A few days ago I watched a woman give a presentation who is smart, funny, dynamic, a terrific speaker. She’s got that Grit. She tells it like it is and she’s not afraid to be seen in all her gesturing, funny-face, loud-voice glory.
So when she said toward the end of her presentation, “my personality is nowhere on my website or social media channels,” I felt… sad.
Because that means if you never meet her in person (and you probably won’t, since she can only do so many speaking gigs), you never get a taste of her “freak flag.”
She’s not flying it anywhere on the internet. Not on her website. Not on her social media channels.
You never get to hear her approach to her work. Her shouts, her claps, her eye-rolls (swear to God they’re audible).
You don’t get to hear her logic behind comparing picking a target market to driving a car.
The way she successfully pivoted her business to offer a completely different service – and what it taught her about business planning and strategy.
None of it.
After her awesome presentation, no less than 6 women (including me) stuck around to chat with her for almost another hour. She was that compelling.
“My personality shouldn’t be highlighted online, because someday I want to sell this business,” she told me. “That’s the problem with personal brands. You always have to be the face. No exit strategy.”
She explained that if she ever wants to step away from her business, she needs to create a business that is independent of her. That means repeatable processes, and procedures in place that she can hand off to employees who know how to do what she does.
As she pointed out, we all need to step away sometimes. Illness, moving, vacation, kids vacation, or just being completely wrung out, energy-wise are all unavoidable reasons to take time away.
She wants a business that functions without her.
If you set up your business to function without you, she reasoned, the business shouldn’t rely on your personality always needing to be “out there.”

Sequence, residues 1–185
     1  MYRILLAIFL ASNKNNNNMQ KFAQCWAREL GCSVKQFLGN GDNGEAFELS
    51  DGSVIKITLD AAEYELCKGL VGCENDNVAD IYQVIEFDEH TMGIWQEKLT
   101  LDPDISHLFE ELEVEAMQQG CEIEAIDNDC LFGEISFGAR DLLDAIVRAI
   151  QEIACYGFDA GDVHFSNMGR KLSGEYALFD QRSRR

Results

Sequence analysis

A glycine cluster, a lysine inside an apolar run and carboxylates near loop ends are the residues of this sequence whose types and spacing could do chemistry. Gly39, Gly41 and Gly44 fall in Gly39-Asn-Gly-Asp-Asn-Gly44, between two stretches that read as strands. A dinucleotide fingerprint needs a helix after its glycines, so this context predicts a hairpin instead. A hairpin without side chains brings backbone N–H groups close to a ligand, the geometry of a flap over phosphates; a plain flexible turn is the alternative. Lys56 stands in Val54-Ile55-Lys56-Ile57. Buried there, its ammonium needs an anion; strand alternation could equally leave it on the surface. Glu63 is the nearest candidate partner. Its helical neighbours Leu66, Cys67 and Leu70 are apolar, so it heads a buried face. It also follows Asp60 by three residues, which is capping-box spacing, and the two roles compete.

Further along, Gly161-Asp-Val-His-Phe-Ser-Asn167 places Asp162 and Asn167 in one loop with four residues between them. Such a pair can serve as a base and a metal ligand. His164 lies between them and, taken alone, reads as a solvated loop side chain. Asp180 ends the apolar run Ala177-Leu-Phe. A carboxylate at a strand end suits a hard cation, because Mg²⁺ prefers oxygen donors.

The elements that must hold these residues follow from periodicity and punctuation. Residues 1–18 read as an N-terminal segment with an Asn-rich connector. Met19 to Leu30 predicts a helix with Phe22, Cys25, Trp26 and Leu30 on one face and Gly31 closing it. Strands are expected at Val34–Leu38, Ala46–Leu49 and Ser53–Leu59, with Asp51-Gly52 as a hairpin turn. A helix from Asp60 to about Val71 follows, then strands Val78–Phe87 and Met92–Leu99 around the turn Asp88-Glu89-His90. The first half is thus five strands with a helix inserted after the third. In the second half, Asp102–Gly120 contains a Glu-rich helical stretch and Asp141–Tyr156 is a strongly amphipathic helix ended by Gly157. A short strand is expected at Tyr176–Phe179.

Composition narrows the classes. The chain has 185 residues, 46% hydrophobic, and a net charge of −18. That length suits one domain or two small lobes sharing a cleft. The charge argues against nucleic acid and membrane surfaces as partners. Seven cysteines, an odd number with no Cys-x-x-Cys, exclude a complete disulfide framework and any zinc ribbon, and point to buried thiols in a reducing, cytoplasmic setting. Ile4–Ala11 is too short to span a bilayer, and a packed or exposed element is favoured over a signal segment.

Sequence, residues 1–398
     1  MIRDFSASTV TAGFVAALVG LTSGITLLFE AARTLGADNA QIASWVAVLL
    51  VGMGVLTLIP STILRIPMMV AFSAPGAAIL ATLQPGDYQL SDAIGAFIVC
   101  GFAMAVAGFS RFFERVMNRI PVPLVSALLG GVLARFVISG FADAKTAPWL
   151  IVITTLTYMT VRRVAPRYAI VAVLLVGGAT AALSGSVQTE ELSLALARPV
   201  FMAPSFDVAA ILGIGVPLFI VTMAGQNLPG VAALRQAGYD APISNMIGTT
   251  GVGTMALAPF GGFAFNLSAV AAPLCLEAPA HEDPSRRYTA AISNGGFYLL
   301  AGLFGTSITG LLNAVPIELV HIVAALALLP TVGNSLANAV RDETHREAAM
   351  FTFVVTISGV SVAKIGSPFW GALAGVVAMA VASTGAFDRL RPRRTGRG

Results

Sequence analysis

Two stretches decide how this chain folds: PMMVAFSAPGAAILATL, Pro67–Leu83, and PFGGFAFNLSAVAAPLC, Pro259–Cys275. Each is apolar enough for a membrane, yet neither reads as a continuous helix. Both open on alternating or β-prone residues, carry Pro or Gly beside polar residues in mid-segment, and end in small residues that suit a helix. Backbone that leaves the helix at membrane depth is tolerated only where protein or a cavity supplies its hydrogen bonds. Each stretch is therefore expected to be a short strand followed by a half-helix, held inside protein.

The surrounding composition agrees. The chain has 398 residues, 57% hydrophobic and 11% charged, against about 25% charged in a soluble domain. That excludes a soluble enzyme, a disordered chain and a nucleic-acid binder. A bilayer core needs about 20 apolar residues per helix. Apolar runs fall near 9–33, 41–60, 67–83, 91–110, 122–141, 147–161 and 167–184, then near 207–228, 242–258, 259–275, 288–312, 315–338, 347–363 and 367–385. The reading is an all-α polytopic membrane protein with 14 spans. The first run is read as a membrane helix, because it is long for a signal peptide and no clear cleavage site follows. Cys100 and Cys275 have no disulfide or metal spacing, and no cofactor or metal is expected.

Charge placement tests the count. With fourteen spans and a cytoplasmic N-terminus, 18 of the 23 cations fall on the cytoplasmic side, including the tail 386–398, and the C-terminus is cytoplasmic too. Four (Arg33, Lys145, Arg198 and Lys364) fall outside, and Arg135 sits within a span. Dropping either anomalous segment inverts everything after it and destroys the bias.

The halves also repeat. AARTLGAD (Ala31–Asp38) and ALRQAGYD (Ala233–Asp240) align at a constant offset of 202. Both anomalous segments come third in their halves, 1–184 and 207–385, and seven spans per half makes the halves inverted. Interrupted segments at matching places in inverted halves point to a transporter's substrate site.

Hmm. Seems like an solid argument, right?
Maybe it is. I thought about what she said for a long while after the group went our separate ways. But there’s one aspect of this argument I can’t get past.
As long as you’re the leader, you can’t suck your personality out of a business that is your brain-child. Even if you try.
How did I conclude this? Let’s see. …
I have worked a dozen white-collar jobs over the years. You know what all those companies had in common?
1. We were all briefed on the company’s mission statement and values.
(A handful of people far above my pay grade had gone to a retreat to hammer out these things. Maybe paid an agency to help. And then they etched them on to 2 stone tablets and carried them down a mountain. (I.e. they created a very well designed Powerpoint that sat on a shared drive somewhere.) )
2. We had our approach to the daily operation of the business that we enacted every damn day. Day in, day out.
3. #1 and #2 were totally different.
#1 came from what our leaders said they were about. #2 came from what our leaders were ACTUALLY about, but didn’t write down. “Company culture,” you might call it.
The thing about starting your own business is that #1 and #2 can (finally!) be the same thing.
But it doesn’t happen inadvertently. You have to recommit to the mission and values every day. And writing your own copy and social posts allows you to do that.
Even if you want an exit strategy, your company will be known for something. And as the founder and leader of the company you are the one who decides what that “something” is.
If you set up one-and-done website copy that doesn’t reflect your values or the personality behind your approach to the work you do, you risk misaligning 1 and 2.
You also cheat your potential customers out of getting to know your dynamic, energetic, funny actual approach to what you do. The approach that you designed. Because you’re the leader.